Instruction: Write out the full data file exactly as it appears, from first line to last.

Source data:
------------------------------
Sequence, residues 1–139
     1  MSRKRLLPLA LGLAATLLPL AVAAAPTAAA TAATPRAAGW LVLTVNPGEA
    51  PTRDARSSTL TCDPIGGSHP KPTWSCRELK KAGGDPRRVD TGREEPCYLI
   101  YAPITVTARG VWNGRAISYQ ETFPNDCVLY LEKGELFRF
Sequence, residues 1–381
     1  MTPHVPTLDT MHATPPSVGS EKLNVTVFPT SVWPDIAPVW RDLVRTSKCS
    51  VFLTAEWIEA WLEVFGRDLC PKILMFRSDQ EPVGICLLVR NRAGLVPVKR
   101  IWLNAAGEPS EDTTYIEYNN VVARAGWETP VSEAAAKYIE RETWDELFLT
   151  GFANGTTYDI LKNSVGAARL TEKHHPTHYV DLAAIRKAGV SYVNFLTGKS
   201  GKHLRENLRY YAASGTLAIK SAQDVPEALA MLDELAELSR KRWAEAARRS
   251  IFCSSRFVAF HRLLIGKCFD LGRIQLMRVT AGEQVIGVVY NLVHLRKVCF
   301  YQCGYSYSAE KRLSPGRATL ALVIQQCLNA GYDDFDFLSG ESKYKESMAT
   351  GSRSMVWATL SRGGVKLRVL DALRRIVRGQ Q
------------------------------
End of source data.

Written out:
Sequence, residues 1–139
     1  MSRKRLLPLA LGLAATLLPL AVAAAPTAAA TAATPRAAGW LVLTVNPGEA
    51  PTRDARSSTL TCDPIGGSHP KPTWSCRELK KAGGDPRRVD TGREEPCYLI
   101  YAPITVTARG VWNGRAISYQ ETFPNDCVLY LEKGELFRF
Sequence, residues 1–381
     1  MTPHVPTLDT MHATPPSVGS EKLNVTVFPT SVWPDIAPVW RDLVRTSKCS
    51  VFLTAEWIEA WLEVFGRDLC PKILMFRSDQ EPVGICLLVR NRAGLVPVKR
   101  IWLNAAGEPS EDTTYIEYNN VVARAGWETP VSEAAAKYIE RETWDELFLT
   151  GFANGTTYDI LKNSVGAARL TEKHHPTHYV DLAAIRKAGV SYVNFLTGKS
   201  GKHLRENLRY YAASGTLAIK SAQDVPEALA MLDELAELSR KRWAEAARRS
   251  IFCSSRFVAF HRLLIGKCFD LGRIQLMRVT AGEQVIGVVY NLVHLRKVCF
   301  YQCGYSYSAE KRLSPGRATL ALVIQQCLNA GYDDFDFLSG ESKYKESMAT
   351  GSRSMVWATL SRGGVKLRVL DALRRIVRGQ Q